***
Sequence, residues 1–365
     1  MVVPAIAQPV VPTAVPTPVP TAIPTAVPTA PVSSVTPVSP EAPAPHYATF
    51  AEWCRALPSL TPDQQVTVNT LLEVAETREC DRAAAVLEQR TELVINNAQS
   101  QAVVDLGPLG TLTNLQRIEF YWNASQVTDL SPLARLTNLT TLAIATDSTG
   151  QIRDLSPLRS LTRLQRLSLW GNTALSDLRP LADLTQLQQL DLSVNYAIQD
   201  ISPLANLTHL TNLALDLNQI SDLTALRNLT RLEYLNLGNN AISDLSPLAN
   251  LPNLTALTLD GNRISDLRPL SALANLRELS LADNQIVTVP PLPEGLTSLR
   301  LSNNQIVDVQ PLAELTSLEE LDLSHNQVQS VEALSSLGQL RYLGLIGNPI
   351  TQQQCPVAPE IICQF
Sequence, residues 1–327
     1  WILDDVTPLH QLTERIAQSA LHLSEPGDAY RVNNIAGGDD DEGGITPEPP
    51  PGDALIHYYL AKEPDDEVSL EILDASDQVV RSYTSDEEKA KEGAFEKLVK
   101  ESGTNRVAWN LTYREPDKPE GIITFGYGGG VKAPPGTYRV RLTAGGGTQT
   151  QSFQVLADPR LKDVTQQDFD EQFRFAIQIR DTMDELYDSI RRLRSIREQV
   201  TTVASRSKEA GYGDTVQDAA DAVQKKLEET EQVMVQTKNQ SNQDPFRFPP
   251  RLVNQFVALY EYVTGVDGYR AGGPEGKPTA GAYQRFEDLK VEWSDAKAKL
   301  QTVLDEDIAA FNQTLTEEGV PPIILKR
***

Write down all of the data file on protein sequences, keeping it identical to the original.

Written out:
Sequence, residues 1–365
     1  MVVPAIAQPV VPTAVPTPVP TAIPTAVPTA PVSSVTPVSP EAPAPHYATF
    51  AEWCRALPSL TPDQQVTVNT LLEVAETREC DRAAAVLEQR TELVINNAQS
   101  QAVVDLGPLG TLTNLQRIEF YWNASQVTDL SPLARLTNLT TLAIATDSTG
   151  QIRDLSPLRS LTRLQRLSLW GNTALSDLRP LADLTQLQQL DLSVNYAIQD
   201  ISPLANLTHL TNLALDLNQI SDLTALRNLT RLEYLNLGNN AISDLSPLAN
   251  LPNLTALTLD GNRISDLRPL SALANLRELS LADNQIVTVP PLPEGLTSLR
   301  LSNNQIVDVQ PLAELTSLEE LDLSHNQVQS VEALSSLGQL RYLGLIGNPI
   351  TQQQCPVAPE IICQF
Sequence, residues 1–327
     1  WILDDVTPLH QLTERIAQSA LHLSEPGDAY RVNNIAGGDD DEGGITPEPP
    51  PGDALIHYYL AKEPDDEVSL EILDASDQVV RSYTSDEEKA KEGAFEKLVK
   101  ESGTNRVAWN LTYREPDKPE GIITFGYGGG VKAPPGTYRV RLTAGGGTQT
   151  QSFQVLADPR LKDVTQQDFD EQFRFAIQIR DTMDELYDSI RRLRSIREQV
   201  TTVASRSKEA GYGDTVQDAA DAVQKKLEET EQVMVQTKNQ SNQDPFRFPP
   251  RLVNQFVALY EYVTGVDGYR AGGPEGKPTA GAYQRFEDLK VEWSDAKAKL
   301  QTVLDEDIAA FNQTLTEEGV PPIILKR